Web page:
CHARLESTON, W.Va. - A proposal to continue what's been deemed a successful experiment in granting more local control to West Virginia cities and towns faces a House of Delegates amendment that would repeal a handful of municipal gun control ordinances, after Senate leaders idled a stand-alone repeal bill.
The House is considering a Senate-passed measure to extend a home rule pilot program. With government power largely centered at the state level, the pilot so far has allowed four of West Virginia's biggest cities to streamline business rules, reduce blight and improve their finances. As amended by the House Government Organization Committee last week, the home rule bill would renew the pilot for another five years and allow additional municipalities to apply to join.
Delegate Patrick Lane has proposed adding the repeal language to the bill. The Kanawha County Republican helped a nearly unanimous House pass legislation targeting gun ordinances in several cities including Charleston, the state capital and a home rule participant. But with the regular session ending Saturday, Senate leaders have expressed little interest in taking up the repeal measure.
"This amendment just gives us an opportunity to once again express to the Senate how important this is" to the House, Lane said Monday.
The House Government Organization Committee included a provision in the home rule bill barring any participating municipality from seeking to restrict the carrying of a firearm. State law already forbids county or local gun ordinances. The stalled repeal measure removes exceptions allowed when that law was enacted while making clear that only state government can regulate firearms.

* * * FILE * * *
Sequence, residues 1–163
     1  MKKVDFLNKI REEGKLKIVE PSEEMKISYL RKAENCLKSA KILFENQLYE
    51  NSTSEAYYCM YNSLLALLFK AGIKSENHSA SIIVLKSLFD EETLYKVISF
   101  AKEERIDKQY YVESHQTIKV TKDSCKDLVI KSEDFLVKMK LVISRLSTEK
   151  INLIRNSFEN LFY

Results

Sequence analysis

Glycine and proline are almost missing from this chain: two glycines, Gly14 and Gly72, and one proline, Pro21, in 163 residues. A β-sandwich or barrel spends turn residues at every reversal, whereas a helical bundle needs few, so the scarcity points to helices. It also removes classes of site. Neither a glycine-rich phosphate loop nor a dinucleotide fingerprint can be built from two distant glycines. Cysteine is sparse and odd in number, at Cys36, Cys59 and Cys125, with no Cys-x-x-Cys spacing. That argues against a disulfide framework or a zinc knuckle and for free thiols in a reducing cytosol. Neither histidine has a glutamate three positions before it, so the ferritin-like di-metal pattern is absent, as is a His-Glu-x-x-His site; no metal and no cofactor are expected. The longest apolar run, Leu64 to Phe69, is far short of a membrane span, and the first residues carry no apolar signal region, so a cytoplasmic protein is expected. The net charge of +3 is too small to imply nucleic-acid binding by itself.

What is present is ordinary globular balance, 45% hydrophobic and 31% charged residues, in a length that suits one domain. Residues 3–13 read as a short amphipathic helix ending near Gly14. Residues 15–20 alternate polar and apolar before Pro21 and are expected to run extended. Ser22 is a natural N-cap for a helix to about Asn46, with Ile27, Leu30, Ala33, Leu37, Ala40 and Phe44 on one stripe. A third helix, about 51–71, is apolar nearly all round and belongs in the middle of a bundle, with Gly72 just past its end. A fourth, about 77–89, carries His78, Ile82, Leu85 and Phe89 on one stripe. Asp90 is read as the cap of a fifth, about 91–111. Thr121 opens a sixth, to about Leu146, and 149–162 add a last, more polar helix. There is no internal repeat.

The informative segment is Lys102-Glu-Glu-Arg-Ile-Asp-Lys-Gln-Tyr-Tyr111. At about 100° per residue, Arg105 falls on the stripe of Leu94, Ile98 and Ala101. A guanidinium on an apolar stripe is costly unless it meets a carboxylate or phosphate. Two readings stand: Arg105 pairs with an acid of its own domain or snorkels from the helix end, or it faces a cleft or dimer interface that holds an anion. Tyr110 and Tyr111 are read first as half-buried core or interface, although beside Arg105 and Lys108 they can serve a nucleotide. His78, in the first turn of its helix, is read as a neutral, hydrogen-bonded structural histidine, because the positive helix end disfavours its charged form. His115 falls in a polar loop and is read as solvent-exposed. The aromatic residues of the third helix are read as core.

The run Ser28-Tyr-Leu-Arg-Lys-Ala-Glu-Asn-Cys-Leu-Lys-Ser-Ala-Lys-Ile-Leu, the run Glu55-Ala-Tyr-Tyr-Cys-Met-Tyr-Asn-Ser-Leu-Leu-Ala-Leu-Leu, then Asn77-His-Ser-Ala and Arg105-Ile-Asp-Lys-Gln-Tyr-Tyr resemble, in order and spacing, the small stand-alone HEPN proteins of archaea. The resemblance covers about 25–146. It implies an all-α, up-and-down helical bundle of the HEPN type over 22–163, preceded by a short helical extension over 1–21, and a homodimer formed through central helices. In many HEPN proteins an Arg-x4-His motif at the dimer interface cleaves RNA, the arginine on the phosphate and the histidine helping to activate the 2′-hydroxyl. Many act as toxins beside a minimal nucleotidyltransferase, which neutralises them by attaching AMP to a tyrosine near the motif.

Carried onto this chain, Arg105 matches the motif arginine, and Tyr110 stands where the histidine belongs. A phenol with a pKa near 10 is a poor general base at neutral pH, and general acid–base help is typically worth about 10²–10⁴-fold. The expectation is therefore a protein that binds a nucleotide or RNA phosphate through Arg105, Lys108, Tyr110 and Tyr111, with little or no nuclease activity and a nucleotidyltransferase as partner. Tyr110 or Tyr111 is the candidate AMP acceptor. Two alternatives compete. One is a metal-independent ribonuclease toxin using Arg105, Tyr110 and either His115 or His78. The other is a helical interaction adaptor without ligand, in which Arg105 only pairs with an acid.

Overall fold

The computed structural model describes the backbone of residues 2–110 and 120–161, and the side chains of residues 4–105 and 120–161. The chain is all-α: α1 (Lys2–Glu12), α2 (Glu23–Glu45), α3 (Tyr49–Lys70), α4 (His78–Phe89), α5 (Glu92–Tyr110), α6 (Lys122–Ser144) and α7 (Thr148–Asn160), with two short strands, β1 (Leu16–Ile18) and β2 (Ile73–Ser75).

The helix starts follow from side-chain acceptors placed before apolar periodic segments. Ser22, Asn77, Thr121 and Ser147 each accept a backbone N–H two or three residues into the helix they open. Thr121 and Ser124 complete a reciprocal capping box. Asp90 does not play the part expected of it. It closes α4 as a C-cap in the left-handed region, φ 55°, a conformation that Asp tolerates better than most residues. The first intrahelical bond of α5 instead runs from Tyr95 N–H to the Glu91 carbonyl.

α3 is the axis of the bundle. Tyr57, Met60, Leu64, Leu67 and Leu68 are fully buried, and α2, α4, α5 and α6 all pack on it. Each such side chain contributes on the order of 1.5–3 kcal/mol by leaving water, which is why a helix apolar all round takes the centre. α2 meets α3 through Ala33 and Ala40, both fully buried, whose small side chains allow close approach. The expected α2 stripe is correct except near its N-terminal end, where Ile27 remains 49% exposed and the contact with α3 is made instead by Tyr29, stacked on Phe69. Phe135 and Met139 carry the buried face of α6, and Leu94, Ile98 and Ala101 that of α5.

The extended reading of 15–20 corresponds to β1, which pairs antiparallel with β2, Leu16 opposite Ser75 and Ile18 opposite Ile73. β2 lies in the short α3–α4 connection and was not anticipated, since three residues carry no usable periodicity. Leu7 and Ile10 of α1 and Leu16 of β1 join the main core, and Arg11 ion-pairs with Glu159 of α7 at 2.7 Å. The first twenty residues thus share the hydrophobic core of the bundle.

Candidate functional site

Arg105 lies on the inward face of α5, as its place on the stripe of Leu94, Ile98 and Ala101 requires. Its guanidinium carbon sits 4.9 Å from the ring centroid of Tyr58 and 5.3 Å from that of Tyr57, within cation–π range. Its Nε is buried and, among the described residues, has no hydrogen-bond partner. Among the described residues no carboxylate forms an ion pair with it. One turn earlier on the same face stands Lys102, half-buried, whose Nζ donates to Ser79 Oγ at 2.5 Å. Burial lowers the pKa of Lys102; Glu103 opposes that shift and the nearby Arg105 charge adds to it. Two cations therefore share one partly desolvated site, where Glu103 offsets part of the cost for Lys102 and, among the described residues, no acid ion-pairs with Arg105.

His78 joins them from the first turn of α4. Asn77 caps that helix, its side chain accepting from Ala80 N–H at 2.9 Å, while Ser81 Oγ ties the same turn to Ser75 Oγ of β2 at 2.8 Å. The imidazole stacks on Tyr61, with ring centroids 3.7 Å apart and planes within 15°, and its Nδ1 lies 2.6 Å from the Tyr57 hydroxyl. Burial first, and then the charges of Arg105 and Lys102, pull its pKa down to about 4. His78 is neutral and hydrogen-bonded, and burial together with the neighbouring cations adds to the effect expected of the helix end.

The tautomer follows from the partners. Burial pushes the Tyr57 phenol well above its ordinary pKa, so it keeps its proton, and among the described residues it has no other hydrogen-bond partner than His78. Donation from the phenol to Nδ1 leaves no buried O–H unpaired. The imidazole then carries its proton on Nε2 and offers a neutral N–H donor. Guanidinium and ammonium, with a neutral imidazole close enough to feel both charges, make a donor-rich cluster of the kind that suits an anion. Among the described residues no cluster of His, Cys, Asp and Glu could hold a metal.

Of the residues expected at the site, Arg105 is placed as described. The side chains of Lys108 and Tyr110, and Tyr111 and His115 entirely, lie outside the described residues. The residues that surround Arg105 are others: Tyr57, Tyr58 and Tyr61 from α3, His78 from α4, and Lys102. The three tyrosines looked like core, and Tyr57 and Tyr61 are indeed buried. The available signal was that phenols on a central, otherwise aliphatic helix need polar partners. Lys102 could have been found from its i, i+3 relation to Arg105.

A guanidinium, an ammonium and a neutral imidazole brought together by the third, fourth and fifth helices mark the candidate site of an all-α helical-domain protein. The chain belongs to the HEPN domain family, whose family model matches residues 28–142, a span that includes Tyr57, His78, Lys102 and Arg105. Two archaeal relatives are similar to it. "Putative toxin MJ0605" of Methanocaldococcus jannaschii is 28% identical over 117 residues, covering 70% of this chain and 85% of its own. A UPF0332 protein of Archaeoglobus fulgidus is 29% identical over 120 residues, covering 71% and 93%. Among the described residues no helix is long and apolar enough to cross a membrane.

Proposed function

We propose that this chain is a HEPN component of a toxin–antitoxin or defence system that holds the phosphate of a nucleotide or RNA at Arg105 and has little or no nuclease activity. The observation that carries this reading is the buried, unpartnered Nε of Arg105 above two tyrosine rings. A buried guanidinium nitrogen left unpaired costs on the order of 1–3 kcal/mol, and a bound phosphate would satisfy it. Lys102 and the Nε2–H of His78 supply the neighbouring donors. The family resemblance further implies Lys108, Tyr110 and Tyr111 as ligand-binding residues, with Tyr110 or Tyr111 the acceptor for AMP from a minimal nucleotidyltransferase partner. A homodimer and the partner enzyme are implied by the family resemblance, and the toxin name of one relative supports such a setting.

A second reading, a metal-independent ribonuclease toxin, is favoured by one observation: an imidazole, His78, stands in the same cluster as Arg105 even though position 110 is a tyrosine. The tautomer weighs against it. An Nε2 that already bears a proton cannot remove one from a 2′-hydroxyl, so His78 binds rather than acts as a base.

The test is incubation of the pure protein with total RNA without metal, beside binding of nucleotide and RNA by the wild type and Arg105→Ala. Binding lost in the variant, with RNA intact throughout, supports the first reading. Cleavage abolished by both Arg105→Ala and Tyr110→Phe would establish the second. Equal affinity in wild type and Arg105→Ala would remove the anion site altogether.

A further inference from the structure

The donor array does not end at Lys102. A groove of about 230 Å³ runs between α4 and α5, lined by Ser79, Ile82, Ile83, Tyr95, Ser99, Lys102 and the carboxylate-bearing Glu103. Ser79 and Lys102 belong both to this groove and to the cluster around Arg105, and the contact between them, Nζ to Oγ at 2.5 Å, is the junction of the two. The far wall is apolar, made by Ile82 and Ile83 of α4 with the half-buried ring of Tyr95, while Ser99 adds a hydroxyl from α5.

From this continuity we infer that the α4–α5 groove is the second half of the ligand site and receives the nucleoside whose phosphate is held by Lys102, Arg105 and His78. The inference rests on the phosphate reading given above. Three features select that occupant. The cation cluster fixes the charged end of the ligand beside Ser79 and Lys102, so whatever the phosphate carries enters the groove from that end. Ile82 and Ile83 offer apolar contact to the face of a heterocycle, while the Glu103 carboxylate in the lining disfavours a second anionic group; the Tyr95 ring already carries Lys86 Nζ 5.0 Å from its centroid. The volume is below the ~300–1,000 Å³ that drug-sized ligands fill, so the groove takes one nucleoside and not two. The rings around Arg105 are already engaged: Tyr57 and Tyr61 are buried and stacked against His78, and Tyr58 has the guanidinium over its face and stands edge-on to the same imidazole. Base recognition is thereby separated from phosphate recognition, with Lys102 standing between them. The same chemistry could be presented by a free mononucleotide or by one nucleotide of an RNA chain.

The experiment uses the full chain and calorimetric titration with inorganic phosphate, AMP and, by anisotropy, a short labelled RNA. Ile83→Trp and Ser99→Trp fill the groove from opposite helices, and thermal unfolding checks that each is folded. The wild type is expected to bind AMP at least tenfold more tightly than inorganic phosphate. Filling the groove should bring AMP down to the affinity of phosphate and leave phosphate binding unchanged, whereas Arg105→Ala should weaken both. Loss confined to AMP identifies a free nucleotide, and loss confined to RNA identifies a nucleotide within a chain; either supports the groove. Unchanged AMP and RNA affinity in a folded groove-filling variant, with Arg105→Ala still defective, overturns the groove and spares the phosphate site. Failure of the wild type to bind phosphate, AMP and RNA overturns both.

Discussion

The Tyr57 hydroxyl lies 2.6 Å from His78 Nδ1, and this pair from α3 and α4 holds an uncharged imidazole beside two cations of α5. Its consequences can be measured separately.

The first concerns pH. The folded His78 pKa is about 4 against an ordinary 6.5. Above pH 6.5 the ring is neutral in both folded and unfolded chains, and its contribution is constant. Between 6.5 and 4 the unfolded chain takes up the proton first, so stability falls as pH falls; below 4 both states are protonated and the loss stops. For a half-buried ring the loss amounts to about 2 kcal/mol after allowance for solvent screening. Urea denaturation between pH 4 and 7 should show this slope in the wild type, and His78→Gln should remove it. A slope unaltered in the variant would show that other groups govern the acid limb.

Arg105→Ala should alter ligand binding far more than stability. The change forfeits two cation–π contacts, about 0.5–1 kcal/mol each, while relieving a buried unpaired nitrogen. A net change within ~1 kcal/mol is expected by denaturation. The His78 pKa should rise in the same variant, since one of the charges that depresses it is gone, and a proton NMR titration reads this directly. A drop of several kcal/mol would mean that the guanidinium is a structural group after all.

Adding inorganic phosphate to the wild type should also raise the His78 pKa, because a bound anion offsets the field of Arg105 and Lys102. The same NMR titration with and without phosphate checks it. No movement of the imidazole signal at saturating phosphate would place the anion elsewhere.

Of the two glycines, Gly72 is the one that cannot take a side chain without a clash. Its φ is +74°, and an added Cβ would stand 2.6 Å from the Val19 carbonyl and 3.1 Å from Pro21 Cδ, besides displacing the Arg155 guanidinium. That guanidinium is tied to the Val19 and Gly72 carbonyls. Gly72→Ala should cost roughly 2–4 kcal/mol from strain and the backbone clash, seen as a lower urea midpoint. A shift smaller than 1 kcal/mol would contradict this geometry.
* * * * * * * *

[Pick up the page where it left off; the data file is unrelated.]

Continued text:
With Lane's proposal pending, House leaders have moved the home rule extension off the active schedule for considering bills for passage. Alarmed by that status as the session winds down and favoring the committee's approach, the West Virginia Municipal League opposes Lane's amendment, President Lisa Dooley said Monday.
"(The repeal measure) has nothing to do with home rule, and has everything to do with a vote that came out of the House," Dooley said. "The two are so different... Each should stand on its own."
Dooley said her group supports the House committee's other changes to the bill. That amendment also adds marriage and divorce ordinances to the list of areas off-limits for the home rule experiment. That roster already includes annexation, pensions, gas drilling and other natural resource extraction, crimes and punishments, and anything that violates the state or U.S. constitutions.
The Senate-passed version had limited the renewed pilot to the four participating cities - Huntington, Wheeling, Bridgeport and Charleston - and up to 10 more. The House committee's amendment removes that cap, while still requiring cities and towns to hold public hearings with advance notice both before they apply and then to submit their home rule plan if they're accepted.
Delegate Kelli Sobonya is a vocal foe of home rule. The Cabell County Republican has proposed several amendments to the pending measure, including one to prevent any tax-like fee that would apply to non-residents. The bill's off-limits list already includes ordinances affecting people or property outside a city or town's boundaries, except when they're already allowed by state law or legal rulings. The state Supreme Court last decade upheld Charleston's user fee, charged to anyone who works there.
The bill also restricts tax changes to the enactment of a sales tax of up to 1 percent, but only in exchange for cutting or eliminating a business and occupation tax. Huntington had sought to replace its user fee with a 1 percent occupation tax through home rule, prompting a lawsuit. The city has since elected a new mayor, who led a unanimous city council to repeal the targeted tax last month.
The sales tax allowed under the pending bill could not apply to vehicle fuel, and would be repealed automatically if the municipality restored its business and occupation tax.
A legislative audit released in November declared the pilot a success, and recommended extending it to all cities with more than 2,500 residents. The audit report counted 14 ordinances enacted fully and another six in part through the experiment. Five of these local-control changes are now available statewide, including five adopted by the Legislature. Another amendment from Sobonya, who opposed most of those changes and sought to have the pilot abolished this session, would require a follow-up audit if the pilot is renewed.